Let’s work in order here:

1. In my opinion, guys cannot go wrong with a red scarf. It’s bold yet classic, and matches pretty much every neutral you put against it (though maybe that’s my bias as a Wisconsinite..). Banana Republic has a couple nice ones:

{Red merino wool, $23 (on sale)}

{Plaited wool scarf, $40}


2. For the knit hat, I think a gray is always a solid choice for guys. Headwear should be a bit more “blend into the background” of an outfit. Which is why….

3. I’d advise against the cabbie hat

Enrique asks:

Hi Megan,

For the holiday season I got a great merlot, velvet, peak lapel, single button dinner jacket/blazer.  Now that the Christmas and New Year’s parties are over, what’s the best way to keep this jacket working for me?  Is it versatile enough for work and play, or is this a formal attire only piece?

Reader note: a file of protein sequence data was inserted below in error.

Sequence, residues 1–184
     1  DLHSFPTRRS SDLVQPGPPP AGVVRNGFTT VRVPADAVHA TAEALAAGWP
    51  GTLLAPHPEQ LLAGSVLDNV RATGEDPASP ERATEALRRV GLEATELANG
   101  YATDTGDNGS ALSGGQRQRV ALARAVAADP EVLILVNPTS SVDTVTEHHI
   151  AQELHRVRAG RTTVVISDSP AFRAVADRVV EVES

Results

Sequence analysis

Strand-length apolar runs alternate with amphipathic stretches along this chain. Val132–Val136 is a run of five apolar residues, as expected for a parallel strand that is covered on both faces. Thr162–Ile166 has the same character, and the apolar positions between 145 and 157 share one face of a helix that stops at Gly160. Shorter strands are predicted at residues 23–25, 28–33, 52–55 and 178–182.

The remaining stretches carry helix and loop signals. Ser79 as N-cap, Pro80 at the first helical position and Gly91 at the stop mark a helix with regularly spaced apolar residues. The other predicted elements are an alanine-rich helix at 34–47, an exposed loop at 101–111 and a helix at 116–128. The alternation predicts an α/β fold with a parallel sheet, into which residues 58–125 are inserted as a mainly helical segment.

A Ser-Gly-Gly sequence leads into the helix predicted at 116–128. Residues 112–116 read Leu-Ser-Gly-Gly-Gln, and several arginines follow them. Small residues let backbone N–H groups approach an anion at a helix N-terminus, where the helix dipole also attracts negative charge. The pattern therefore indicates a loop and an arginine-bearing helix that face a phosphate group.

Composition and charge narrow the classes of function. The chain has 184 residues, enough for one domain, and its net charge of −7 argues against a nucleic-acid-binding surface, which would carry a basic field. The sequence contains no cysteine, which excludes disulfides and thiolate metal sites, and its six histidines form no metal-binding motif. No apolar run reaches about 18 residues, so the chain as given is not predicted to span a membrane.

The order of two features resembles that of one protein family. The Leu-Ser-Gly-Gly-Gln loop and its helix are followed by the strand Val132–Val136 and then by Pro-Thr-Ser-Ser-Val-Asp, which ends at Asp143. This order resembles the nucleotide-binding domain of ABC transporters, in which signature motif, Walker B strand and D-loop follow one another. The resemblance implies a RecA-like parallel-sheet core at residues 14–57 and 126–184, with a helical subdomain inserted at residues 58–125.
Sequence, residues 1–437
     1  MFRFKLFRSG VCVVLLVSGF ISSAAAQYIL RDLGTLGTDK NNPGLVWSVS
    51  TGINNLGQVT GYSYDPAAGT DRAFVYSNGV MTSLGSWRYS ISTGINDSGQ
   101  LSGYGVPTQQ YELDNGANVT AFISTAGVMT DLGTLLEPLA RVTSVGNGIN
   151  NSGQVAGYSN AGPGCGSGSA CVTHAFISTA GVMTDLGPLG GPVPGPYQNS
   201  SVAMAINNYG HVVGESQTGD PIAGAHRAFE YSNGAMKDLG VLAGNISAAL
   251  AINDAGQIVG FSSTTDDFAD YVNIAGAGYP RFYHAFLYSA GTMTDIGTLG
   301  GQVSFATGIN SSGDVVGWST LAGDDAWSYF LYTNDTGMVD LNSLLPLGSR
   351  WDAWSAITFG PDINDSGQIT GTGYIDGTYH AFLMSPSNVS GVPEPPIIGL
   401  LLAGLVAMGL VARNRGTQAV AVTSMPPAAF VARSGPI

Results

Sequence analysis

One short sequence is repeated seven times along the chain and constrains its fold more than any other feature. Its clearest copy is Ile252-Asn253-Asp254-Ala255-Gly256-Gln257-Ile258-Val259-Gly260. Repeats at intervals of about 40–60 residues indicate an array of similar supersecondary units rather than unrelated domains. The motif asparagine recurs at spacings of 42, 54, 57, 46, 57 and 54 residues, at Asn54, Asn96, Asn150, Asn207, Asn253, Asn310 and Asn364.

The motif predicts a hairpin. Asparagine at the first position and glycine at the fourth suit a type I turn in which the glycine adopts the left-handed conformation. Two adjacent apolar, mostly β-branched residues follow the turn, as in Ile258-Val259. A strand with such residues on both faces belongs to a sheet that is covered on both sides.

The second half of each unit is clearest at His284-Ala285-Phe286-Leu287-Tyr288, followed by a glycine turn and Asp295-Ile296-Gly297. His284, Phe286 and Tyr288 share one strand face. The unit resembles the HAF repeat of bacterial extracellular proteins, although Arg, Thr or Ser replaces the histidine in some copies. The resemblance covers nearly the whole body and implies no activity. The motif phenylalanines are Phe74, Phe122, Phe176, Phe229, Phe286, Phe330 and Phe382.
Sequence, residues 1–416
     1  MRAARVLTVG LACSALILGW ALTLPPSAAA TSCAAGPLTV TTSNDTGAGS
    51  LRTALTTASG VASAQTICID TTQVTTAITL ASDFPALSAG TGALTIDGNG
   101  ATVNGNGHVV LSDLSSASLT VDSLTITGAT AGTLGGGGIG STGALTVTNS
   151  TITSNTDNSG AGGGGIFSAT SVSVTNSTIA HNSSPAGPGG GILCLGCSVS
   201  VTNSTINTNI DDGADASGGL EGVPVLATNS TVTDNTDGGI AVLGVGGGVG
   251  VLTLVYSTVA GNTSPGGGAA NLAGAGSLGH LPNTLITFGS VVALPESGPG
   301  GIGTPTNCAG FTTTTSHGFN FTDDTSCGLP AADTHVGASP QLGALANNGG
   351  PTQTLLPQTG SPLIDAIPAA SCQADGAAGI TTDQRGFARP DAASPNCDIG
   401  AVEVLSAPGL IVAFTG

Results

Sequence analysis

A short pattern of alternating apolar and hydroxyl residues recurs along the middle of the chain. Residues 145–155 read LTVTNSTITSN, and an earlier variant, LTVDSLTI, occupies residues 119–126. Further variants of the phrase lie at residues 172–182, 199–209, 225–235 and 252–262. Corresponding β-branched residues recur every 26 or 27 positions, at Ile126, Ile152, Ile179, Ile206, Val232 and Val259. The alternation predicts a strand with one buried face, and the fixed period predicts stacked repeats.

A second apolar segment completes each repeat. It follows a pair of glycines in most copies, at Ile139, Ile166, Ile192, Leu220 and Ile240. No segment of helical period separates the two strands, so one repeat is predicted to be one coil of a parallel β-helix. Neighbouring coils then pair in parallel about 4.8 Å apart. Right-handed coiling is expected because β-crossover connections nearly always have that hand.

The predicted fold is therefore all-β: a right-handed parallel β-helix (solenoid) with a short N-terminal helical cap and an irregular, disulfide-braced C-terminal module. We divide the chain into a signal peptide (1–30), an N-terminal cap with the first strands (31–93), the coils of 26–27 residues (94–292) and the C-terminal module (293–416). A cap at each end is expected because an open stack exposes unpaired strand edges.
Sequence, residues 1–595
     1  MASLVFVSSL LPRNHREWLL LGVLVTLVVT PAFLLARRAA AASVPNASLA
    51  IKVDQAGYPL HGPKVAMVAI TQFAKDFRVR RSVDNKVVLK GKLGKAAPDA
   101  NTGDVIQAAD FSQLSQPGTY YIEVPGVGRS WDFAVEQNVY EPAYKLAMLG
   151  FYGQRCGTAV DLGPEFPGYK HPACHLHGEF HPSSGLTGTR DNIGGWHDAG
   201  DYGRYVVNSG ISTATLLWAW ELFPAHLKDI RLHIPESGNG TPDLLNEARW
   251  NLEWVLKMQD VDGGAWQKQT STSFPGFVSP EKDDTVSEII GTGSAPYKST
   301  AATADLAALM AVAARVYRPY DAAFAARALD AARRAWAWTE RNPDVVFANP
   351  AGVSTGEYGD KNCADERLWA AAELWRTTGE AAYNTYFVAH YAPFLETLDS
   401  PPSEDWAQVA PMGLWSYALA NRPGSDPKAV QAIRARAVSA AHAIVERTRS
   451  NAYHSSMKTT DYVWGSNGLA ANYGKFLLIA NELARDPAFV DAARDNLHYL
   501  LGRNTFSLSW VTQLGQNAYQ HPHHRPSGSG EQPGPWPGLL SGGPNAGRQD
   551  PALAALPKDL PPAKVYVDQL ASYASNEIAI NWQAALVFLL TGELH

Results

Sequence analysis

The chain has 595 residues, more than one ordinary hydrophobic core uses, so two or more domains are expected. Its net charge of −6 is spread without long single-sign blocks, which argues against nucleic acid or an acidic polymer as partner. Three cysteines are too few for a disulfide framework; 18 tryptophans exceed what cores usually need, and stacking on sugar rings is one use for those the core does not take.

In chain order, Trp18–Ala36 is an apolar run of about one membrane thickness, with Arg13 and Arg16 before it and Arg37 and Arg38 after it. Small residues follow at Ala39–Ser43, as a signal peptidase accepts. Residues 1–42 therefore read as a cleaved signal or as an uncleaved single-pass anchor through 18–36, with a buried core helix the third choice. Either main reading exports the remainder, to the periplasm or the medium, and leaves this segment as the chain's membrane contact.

I can completely understand your desire to bust out that jacket before next New Year’s Eve; it sounds beautiful! You can definitely dress a velvet blazer down with jeans or even khakis; I found some great examples over on “The Well Dressed Man”:

The most important factor is to wear your jacket with confidence, but not arrogance. Repeat after me: Do not peacock. Women will appreciate that you’re trying something a little different with your look, but if you act like you think you’re the best-dressed dude in the room, that will be a turnoff. It’s a fine line to care about how you look but not care too much; just make sure you’ve got that balance right before you start sporting your new coat!

Sean says:

Hi Megan!

I was curious as to your thoughts on novelty knots on neckties such as the trinity knot. Are they only for casual outings or can they be taken into formal settings?

When it comes to your neckwear, women only notice a guy’s knot when it’s out of proportion to his frame. If you go with a huge “sports commentator knot” (as I like to call them) we’ll think you’re trying a little too hard. If it’s just something that’s a little fancy or different, but still a normal size, I say go for it. Maybe it’ll even spark a conversation – all those summers spent making thousands of friendship bracelets won’t be for nought.

Chris opines: